Name of case (citation): T-S (Children)  EWCA Civ 742
Link to the judgment: https://www.bailii.org/ew/cases/EWCA/Civ/2019/742.html
Date: Hearing: 20 March 2019. Judgment: 1 May 2019.
Difference of opinion between the judge and the local authority between adoption and long term foster care.
On 20 November 2018, a 14 day final hearing concerning three boys (aged eight years, four years and 21 months) concluded with the eldest boy, B, being subject to a final care order and the youngest child, K, being subject to care and placement orders. There was substantial dispute concerning the care plan for the middle child, J, who is the only child subject to this appeal.
The Agency Decision Maker (ADM) concluded that J’s welfare would best be served by a long term fostering placement. The ADM placed substantial weight upon the evidence of the local authority social worker who evaluated the attachment between J and his older brother, B, as being of importance. In contrast the independent social worker and the guardian advised that J’s welfare required adoption.
The judge concluded that the social work assessment was ‘fatally flawed’, and stated that he preferred the evidence of the independent social worker and the guardian. As a result the judge extended the interim care order with respect to J to enable the local authority to reconsider its care plan for J.
At the subsequent hearing in December 2018, the local authority applied for permission to appeal the court’s decision of 20 November 2018. Permission to appeal was granted. The ADM remained of the view that adoption was not in J’s best interests, referring to an unamended balance sheet produced to the judge during the November 2018 hearing.
The Court of Appeal granted the appeal but stated that the local authority’s application to appeal was pre-emptive. In December 2018, the judge did not refuse to make a care order. Nevertheless the Court of Appeal ordered that the case concerning J be reheard.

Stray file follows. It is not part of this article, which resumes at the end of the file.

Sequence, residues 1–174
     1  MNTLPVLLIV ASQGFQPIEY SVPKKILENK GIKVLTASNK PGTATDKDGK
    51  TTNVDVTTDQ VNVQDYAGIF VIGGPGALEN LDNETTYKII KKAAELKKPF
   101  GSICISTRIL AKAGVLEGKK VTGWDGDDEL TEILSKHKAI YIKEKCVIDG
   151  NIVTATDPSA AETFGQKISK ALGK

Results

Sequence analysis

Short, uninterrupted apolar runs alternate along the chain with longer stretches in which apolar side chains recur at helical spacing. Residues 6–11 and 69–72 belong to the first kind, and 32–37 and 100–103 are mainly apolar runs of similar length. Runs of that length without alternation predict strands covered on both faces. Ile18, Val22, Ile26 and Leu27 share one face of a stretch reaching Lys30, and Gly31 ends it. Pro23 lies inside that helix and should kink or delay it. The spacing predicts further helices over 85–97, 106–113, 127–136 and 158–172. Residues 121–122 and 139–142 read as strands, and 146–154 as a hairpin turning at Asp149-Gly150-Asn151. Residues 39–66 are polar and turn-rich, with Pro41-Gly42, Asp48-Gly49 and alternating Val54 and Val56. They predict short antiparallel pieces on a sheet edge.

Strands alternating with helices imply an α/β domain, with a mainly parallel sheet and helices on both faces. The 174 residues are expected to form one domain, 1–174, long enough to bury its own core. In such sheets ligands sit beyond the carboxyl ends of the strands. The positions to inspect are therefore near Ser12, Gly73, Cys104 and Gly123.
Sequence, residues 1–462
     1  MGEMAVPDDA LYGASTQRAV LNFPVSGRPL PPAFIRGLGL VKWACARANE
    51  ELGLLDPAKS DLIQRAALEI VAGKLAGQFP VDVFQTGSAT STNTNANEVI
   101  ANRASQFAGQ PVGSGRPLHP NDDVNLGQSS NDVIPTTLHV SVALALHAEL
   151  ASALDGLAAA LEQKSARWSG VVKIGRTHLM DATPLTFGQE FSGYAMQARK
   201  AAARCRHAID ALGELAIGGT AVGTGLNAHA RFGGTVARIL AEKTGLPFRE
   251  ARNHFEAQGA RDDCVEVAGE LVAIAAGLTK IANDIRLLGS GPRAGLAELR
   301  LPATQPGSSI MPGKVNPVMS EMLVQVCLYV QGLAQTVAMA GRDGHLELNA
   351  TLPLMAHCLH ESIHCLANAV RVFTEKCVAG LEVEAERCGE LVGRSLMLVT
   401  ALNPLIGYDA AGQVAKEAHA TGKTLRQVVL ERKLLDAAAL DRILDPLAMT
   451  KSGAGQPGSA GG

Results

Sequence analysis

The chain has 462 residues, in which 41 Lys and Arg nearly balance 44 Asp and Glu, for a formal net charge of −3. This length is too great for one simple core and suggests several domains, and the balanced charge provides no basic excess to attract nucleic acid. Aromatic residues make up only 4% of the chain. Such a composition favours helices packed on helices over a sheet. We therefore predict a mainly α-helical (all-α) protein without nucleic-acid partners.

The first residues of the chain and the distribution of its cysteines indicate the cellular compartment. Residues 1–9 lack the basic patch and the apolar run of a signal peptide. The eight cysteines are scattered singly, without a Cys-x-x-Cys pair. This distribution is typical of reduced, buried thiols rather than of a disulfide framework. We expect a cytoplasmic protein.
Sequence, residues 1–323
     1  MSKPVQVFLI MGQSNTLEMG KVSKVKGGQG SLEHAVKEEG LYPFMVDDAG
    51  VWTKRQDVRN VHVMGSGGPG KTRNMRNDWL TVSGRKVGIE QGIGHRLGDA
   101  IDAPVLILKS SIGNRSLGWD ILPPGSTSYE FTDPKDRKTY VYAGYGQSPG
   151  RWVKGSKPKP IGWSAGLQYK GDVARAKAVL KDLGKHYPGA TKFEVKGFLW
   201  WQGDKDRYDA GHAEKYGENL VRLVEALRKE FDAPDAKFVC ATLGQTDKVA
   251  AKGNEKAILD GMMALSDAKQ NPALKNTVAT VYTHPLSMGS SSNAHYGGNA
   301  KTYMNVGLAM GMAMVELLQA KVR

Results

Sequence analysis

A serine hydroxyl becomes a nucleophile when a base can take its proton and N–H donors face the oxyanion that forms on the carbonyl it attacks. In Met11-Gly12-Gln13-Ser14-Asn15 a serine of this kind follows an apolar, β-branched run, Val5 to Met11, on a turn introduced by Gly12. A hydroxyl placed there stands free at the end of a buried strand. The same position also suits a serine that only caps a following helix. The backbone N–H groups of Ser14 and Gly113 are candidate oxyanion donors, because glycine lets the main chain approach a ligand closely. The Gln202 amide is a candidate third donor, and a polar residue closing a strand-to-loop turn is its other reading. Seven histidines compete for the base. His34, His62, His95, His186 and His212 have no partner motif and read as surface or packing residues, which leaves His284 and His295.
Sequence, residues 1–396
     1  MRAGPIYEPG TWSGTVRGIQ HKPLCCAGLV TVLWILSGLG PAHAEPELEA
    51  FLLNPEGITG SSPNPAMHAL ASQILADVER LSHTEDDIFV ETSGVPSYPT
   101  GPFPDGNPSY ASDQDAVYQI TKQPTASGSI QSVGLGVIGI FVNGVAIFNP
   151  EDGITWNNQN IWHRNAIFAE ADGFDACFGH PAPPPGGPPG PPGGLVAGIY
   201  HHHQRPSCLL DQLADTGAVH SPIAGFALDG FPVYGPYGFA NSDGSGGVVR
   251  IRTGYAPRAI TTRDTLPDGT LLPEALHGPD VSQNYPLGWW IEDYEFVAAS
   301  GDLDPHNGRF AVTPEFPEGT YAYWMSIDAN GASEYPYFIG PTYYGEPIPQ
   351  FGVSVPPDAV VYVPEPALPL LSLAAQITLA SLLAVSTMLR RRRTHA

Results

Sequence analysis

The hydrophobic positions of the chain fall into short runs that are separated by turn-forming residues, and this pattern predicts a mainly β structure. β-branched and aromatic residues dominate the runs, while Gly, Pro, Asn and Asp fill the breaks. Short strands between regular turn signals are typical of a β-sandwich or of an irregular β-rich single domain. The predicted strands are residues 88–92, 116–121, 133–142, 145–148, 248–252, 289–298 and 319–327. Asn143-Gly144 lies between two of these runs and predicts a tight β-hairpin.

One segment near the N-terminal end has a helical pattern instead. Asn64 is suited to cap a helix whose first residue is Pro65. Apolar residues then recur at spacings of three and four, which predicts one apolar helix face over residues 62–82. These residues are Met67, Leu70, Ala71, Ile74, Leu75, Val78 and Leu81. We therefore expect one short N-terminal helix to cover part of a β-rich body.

Implications for practice:
S.31A of the Children Act 1989 requires the court to ‘consider’ the care plan, limited to the ‘permanence provisions’. Under the Adoption and Children Act 2002 only a local authority may apply for an order authorising them to place a child for adoption.
A cardinal principle embedded into the structure of the Children Act 1989 and the Adoption and Children Act 2002 is:
- The Family Court is responsible for the making of orders.
- The local authority determines the care plan to be followed for a child once an order has been made.
The Court of Appeal referred to the key authority of Re S and W (Care Proceedings)  EWCA Civ 232 ‘not only for the similarity of the position in that case with that reached in the present proceedings, but also for the clear statement of the law that it contains’.
Paragraph 30 of the judgment in Re S and W states: ‘What appears not to be understood, however, and thus needs to be clearly repeated, is that not only does the court have the duty rigorously to scrutinise the care plan and to refuse to make a care order if it does not think the plan in the child’s best interests; the court also has the right to invite the local authority to reconsider the care plan if the court comes to the conclusion that the plan - or any change in the plan – involves a course of action which the court believes is contrary to the interests of the child...’ Paragraph 35 continues: ‘...the court and the local authority should both be striving to achieve an order which is in the best interests of the child. There needs to be mutual respect and understanding for the different role and perspective which each has in the process.’
The Court of Appeal confirmed that it is not open to a local authority within proceedings to decline to accept the court’s evaluation of risk no matter how much it may disagree. A local authority could otherwise face an obvious risk of its decision being declared unlawful through judicial review.
The position reached by the court in November 2016 was deemed by the Court of Appeal to be ‘textbook working’. The judge invited the local authority to reconsider its care plan. The December 2018 hearing should have witnessed a re-joining of the judge and the local authority in a detailed analysis of the care plan, taking account of any new evidence, considering the ADM’s statement and hearing submissions from all parties. Where the focus is upon the care plan after the proceedings are concluded, the Court of Appeal emphasised the importance of mutual respect and engagement between the court and a local authority.